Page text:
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I have written a Perl script that performs many one-sample t-tests. I get thousands of t-statistics with their degrees of freedom (df). I need to upgrade the script to also return their p-values (there are too many to look them up manually in a table). Is there some kind of formula I can use for this with the t-statistic and d.f as input? I hope someone can help me with this, many thanks in advance!


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1). not enough info (2). show us your coding attempt... –  Mitch Wheat May 5 '09 at 3:27
It's a pretty huge script. And it works fine. All I need is a formula or a piece of script that uses a t-statistic and it's d.f. (which I both already calculated and stored into memory) to calculate a p-value.. :-) But if there is something specific you would like to know about the script, I would gladly supply you with the information. –  Abdel May 5 '09 at 3:39
There is no way to tell what you want/need without more information. –  Brad Gilbert May 5 '09 at 4:02
@Mitch, Brad: What additional info is needed? As elbenshira says, Abdel needs a subroutine to integrate the area under the probability distribution function for the t distribution, from the value of the statistic to infinity. I think the problem is well-specified. –  j_random_hacker May 5 '09 at 12:52

4 Answers 4

up vote 7 down vote accepted

Using Statistics::Distributions seems pretty straightforward:

print Statistics::Distributions::tprob($dof,$tstat);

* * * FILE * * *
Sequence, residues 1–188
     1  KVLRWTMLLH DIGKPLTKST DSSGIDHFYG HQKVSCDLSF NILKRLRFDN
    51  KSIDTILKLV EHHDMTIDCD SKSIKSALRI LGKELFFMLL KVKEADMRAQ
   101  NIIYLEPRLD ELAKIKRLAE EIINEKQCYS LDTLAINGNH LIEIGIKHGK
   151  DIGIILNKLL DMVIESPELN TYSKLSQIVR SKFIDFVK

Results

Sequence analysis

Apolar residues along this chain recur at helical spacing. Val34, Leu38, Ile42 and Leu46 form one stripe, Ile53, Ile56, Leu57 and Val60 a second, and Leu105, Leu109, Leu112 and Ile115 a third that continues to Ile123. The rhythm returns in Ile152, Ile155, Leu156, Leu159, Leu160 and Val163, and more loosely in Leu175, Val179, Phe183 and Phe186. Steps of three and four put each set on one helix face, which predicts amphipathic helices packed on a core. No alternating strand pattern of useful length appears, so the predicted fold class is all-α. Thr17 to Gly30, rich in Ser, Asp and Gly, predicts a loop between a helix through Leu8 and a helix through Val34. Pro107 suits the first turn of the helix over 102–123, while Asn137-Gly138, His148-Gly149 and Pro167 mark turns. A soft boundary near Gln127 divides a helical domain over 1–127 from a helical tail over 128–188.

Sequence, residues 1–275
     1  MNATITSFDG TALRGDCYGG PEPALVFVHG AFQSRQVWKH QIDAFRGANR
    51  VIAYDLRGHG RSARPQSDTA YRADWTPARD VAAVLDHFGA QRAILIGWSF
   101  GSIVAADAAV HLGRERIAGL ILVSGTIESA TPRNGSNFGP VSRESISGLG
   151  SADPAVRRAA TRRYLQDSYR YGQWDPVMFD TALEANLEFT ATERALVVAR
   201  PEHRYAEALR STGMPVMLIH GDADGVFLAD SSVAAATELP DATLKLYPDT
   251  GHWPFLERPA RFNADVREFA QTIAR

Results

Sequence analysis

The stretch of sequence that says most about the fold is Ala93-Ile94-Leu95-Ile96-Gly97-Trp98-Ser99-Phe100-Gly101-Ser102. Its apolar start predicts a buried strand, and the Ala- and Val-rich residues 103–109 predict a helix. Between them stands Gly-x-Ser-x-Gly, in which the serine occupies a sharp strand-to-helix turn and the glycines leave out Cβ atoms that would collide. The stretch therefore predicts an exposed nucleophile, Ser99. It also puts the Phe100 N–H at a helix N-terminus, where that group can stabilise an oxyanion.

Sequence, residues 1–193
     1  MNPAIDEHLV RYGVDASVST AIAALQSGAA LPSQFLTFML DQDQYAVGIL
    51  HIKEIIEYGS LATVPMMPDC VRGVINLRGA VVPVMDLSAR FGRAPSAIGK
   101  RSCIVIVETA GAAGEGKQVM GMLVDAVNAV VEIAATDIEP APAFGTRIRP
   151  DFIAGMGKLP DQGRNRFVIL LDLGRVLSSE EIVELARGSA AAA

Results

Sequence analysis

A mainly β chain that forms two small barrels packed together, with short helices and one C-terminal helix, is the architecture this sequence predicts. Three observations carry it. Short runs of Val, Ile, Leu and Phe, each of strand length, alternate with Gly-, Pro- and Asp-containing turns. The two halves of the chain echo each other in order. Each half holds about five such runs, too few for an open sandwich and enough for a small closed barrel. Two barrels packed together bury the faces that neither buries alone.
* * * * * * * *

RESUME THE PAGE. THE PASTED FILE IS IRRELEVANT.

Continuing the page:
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Thanks a lot u guys! I really appreciate all your help. I think bubaker's answer is the one I needed! –  Abdel May 5 '09 at 23:06

it sounds like you are asking 'how do i compute a p-value', which isn't really a programming/implementation question, it's a theory question. if that is the case, your best bet is probably your stats book, your professor, or



Some Statistical Issues in the Comparison of Speech Recognition Algorithms

also has some good, if somewhat advanced info.

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A search of MetaCPAN reveals the following:


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If you are doing a two-tailed test, then your p-value = 2*P(T > t), where t is your calculated test statistic. So essentially, you need a way to model the T-dist in order to integrate(T-dist from t to INFINITY). Here is a demo: http://www.stat.tamu.edu/~west/applets/tdemo.html

I'm not familiar with Perl and its libraries, but hopefully this gets you started. You can write a rudimentary integrator and check some values to make sure that it is accurate enough.

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FWIW, I think this is the best answer... :) –  j_random_hacker May 6 '09 at 12:33

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